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this is a limited mission. it's something we can achieve. the strategy is correct. we may need more troops to do it and we're certainly going to need more time than july 2011. that will be president obama's decision point where he really defines whether he's a wartime commander willing to do what's necessary to win on the ground, whether or not he'll give the troops the time and resources they need to take the fight to al qaeda and the taliban and pacify a very dangerous region by allowing afghanis to defend it themselves. >> larry: jon, 30 seconds, agree or disagree? >> i obviously disagree with that. the president should realize there's no way to conduct the counter insurgency, our rising unemployment, we can't sustain a long-term counter insurgency and take afghans from the 16th century to the 17th century with the problems we have in this country. we need a flexible strategy that meets the intelligence threat. we have to get out of the nation building business. that's where he's taking us. >> larry: pete hegseth and jon
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solts both will be back as we've always said they make for intriguing television. we'll talk more about the cost of this war with our panel of experts next. [ male announcer ] at ge capital, we're out there every day with clients like jetblue -- financing their fleet, sharing our expertise, and working with people who are changing the face of business in america. after 25 years in the aviation business, i kind of feel like if you're not having fun at what you do, then you've got the wrong job. my landing was better than yours. no, it wasn't. yes, it was. was not. yes, it was. what do you think? take one of the big ones out? nah. she starts at dawn and so does her back pain.om. that's two pills for drive. the drive is done. so it's a day of games and two more pills. the games are over, her pain is back, that's two more pills. and when she's finally home, but hang on, just two aleve can keep back pain away all day with fewer pills than tylenol. this is rachel, who chose aleve and two pills for a day free of pain.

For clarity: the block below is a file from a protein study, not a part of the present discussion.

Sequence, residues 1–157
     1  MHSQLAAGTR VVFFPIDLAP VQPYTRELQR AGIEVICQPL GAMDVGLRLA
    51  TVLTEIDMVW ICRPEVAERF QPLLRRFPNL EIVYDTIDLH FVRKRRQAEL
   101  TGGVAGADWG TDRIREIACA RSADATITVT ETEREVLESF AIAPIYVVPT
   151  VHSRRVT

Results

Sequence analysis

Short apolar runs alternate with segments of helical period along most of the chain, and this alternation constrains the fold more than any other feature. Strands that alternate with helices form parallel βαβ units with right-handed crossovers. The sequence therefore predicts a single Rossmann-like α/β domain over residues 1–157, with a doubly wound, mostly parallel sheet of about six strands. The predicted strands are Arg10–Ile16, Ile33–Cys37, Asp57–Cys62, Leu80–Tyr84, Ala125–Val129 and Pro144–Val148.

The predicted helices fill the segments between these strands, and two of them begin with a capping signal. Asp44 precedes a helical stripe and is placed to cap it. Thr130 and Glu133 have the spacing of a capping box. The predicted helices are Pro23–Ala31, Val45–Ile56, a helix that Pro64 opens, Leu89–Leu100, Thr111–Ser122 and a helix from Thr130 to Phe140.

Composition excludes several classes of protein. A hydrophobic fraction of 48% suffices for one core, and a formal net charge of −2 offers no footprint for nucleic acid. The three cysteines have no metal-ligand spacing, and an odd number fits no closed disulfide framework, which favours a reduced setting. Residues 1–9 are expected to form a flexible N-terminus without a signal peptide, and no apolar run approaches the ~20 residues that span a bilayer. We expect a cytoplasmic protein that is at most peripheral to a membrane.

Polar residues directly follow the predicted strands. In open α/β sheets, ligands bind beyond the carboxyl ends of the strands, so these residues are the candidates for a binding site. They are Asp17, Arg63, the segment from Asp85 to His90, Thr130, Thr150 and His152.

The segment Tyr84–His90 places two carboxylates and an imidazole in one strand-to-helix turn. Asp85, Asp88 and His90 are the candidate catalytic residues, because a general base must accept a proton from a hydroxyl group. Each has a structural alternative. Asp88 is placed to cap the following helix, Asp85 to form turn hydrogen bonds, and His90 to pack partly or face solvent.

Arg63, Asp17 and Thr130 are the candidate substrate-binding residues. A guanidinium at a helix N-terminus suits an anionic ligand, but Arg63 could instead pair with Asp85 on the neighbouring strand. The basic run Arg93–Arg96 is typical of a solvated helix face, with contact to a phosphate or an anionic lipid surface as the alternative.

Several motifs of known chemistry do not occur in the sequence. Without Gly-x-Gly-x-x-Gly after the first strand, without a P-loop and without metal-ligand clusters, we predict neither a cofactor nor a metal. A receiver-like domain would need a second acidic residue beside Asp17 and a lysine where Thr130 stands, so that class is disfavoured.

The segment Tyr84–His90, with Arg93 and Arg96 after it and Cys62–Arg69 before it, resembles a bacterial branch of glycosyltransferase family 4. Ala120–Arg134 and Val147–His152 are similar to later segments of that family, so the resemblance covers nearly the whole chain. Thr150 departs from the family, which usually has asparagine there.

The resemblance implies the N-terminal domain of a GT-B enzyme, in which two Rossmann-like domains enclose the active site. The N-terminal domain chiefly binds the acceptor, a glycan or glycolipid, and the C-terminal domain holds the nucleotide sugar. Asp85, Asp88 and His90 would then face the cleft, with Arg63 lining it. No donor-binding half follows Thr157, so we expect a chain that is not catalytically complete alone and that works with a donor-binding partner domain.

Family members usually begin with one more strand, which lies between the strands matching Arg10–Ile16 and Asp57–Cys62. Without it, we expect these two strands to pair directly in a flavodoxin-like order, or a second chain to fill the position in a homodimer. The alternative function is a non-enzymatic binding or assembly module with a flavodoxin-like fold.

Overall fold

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yes way, no weigh. priority mail flat rate box shipping starts at $4.95, only from the postal service. a simpler way to ship. >> larry: very interesting guests join us, dan senor, spokesperson for the coalition provisional authority in iraq, was a senior adviser to paul bremer and former policy adviser to president george w. bush. is currently senior fellow at the council on foreign relations. michael hastings, contributing editor of "rolling stone." his profile led to the ouster of general stanley mcchrystal. the author of "i lost my love in baghdad." john avlon is a cnn contributor, contributor to thedailybeast.com and author of "wing nuts." let's start with dan senor and the obvious, what did you think of the speech? >> i was underwhelmed, larry.
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i thought the president's speech was terrific, and made many important points. particularly about how regardless of what one thinks about the decision to go in iraq, iraq is a better place today for the iraqi people and better for american security. americans are more secure because of where iraq is today. i thought the speech tonight was too focused on why we're leaving, the withdrawal, who deserves much of the credit and the troops deserve most of the credit but also general odierno, general petraeus, president bush's surge strategy which not only president obama remained committed to even though he was opposed to it, americans learned a lot of lessons and counter insurgency the last couple of years in the war which i would say president obama was able to give the speech he did tonight because of that strategy and so i thought in that sense it was a little ungracious. >> larry: michael, he was underwhelmed, were you? >> i think it's much easier to